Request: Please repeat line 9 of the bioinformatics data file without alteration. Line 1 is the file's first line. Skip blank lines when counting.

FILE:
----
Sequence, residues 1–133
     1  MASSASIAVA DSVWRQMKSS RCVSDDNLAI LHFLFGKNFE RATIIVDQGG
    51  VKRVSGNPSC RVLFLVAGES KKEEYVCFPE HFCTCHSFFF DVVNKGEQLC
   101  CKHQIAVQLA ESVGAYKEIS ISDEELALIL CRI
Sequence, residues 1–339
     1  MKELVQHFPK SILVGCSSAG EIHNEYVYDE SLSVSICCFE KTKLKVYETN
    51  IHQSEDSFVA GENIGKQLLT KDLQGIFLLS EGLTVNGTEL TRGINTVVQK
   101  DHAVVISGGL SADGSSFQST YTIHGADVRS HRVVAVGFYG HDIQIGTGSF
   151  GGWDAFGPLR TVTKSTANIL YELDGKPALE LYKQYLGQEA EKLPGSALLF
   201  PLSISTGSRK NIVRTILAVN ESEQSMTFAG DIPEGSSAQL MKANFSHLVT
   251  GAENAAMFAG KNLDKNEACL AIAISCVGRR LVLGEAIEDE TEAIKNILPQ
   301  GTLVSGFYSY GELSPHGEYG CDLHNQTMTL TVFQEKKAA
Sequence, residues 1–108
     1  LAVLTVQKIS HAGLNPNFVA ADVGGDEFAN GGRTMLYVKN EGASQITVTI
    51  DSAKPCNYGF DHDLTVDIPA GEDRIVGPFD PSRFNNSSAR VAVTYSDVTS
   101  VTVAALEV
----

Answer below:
   151  GGWDAFGPLR TVTKSTANIL YELDGKPALE LYKQYLGQEA EKLPGSALLF